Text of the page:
Tag Archives: estate

Another actor did it wrong. Do you have your plans in place?

Julie Garber, in her weekly blog, wrote about another person who did it wrong.  When actor Paul Walker died in a terrible car crash on November 30th, 2013, he left an estate estimated to be worth at least $45 million.  However, he had done no estate planning and left no will.  He was only 40 years old and probably thought he had plenty of time to get his affairs in order.  His parents, ex-wife and girl friend of seven years are now fighting over who should inherit.

According to California intestate laws, the entire estate should be inherited by his daughter, Meadow.  Since she is only 15, someone needs to be responsible for managing to estate until she turns 18.  Her mother is her guardian but is not necessarily the one who will control the money on her behalf.  Since her parents believe they should manage the estate, the case will have to go to probate court.

And what about his long term girlfriend, Jasmine?  She won’t see a penny.

Have you done estate planning?  Is all of your paperwork in order?  Or are you, like Paul Walker, leaving a mess for  your loved ones?

For more information about estate planning, go to www.diesmart.com.

Is there an unclaimed life insurance policy in your future?

I came across an old article in the New York Times about this topic and thought it worth reviewing. 

When someone who purchased a life insurance policy dies, the amount due to the beneficiary is set aside and the insurance company waits to be contacted by that person.  After a period of time from two to seven years (it varies by state) has passed with no one coming forward, the money is turned over to the unclaimed property division of the state in which the person died.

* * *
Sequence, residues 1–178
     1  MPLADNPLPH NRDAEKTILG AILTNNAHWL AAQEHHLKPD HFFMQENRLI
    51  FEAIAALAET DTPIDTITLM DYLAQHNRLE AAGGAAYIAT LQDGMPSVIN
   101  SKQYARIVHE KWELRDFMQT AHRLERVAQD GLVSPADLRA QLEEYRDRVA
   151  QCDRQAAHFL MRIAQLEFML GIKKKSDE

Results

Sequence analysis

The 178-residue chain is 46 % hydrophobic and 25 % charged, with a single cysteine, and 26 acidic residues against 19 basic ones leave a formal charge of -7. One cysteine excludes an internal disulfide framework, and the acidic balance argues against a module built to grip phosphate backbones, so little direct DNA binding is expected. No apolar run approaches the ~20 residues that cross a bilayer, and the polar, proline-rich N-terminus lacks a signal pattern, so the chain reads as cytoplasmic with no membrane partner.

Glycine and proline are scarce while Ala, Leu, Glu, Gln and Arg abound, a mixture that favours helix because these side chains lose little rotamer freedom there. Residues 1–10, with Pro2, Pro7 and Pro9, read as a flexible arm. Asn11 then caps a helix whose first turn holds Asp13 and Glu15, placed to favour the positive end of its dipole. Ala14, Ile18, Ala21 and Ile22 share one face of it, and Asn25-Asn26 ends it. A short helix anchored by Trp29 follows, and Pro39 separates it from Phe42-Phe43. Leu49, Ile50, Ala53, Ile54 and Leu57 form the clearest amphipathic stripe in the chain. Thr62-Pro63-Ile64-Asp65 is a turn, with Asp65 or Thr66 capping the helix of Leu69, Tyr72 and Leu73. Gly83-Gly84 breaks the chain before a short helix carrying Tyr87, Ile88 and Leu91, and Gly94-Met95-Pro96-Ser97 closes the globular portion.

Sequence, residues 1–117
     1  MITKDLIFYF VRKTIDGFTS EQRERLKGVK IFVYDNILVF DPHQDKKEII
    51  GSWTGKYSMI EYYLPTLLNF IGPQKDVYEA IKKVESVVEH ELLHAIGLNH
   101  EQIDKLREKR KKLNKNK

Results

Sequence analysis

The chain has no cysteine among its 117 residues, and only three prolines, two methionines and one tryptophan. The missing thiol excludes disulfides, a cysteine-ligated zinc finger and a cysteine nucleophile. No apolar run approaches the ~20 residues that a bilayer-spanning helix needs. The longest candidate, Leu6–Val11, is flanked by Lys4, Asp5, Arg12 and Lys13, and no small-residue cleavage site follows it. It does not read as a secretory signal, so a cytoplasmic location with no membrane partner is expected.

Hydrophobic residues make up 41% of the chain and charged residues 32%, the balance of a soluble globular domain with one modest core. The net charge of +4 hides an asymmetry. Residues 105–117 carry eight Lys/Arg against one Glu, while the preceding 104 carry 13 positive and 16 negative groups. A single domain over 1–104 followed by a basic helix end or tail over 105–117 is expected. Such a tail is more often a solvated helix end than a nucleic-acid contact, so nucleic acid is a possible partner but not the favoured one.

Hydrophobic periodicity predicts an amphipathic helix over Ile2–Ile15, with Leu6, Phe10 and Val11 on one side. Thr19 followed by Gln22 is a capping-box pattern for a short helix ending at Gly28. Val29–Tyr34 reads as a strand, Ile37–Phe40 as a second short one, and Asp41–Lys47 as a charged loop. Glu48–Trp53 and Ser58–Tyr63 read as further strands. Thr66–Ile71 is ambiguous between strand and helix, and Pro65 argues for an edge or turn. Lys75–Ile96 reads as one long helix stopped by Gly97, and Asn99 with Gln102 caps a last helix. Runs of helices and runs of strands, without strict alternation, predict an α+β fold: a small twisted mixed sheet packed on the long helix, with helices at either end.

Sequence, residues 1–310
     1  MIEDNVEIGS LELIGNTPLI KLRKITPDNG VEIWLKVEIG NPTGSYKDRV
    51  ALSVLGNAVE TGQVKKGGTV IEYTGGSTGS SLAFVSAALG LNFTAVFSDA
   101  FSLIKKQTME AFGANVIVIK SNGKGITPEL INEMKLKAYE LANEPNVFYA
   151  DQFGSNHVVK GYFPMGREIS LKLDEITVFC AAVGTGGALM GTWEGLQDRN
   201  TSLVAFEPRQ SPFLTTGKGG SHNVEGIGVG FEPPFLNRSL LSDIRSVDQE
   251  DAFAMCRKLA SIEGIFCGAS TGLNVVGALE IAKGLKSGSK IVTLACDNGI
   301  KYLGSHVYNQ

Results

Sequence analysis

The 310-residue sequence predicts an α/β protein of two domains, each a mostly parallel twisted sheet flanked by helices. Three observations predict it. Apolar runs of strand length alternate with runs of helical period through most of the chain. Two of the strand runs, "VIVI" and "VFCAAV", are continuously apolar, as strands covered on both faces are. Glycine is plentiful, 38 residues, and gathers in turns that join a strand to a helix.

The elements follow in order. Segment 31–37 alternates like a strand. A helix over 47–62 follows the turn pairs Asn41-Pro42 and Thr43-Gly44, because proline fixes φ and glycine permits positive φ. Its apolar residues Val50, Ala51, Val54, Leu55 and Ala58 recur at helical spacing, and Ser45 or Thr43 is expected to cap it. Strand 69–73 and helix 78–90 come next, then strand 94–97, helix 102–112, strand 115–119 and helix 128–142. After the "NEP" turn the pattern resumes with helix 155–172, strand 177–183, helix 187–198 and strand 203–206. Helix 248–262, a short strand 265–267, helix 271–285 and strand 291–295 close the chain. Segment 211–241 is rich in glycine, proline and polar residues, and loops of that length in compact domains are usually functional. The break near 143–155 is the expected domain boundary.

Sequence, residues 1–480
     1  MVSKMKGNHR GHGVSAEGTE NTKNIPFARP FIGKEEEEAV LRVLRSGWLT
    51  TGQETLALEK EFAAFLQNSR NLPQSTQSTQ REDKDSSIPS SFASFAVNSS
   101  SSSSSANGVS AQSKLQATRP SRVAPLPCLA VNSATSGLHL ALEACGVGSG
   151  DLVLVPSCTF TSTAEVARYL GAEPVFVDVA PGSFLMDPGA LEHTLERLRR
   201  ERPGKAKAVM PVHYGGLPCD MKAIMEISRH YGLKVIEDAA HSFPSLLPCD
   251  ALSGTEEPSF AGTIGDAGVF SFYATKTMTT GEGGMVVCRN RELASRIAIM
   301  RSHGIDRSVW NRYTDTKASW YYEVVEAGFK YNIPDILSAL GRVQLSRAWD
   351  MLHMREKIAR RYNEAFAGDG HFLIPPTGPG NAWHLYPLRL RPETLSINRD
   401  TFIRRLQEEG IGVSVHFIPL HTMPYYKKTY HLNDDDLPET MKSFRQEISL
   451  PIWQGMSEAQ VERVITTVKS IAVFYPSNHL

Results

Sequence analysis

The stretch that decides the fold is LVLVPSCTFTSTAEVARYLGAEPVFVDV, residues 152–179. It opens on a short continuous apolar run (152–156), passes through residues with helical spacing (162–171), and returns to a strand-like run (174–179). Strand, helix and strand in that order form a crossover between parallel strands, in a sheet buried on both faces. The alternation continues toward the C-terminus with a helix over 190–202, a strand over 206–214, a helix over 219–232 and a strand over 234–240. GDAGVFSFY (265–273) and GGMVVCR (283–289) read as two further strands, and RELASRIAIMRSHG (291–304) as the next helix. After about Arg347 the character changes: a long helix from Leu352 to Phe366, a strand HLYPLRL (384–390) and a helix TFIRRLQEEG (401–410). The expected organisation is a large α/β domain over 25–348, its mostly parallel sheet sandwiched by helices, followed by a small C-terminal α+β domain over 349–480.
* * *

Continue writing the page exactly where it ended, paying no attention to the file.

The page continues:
Since many people do not know whether a family member who died purchased a life insurance policy in their name, hundreds of millions of dollars go unclaimed.  In fact, New York alone, in the period 2000 to a few years ago, received more than $400 million in unclaimed life insurance property and only paid out about $64 million.  That means the bulk of that property remains unclaimed and probably will never be claimed.

If a family member has died and you think he or she might have had a life insurance policy, the first thing to do is to check for any payment receipts or check stubs so you can identify the name of the insurance company.  Contact that company, ask what their procedure is for filing a claim and then follow their instructions. 

If a great deal of time has lapsed, two good places to start are unclaimed.org and MissingMoney.com.  If they have no record of any funds, check the website for the unclaimed property department of the state in which the person died. 

Don’t leave your money in the state’s coffers.  Claim the funds due to you today.

For information about estate planning and other relevant topics, go to www.diesmart.com.

One person is the biggest loser – Settlement of the Huguette Clark will dispute

Awhile ago we told you about Huguette Clark, a reclusive multimillionaire who died at the age of 104.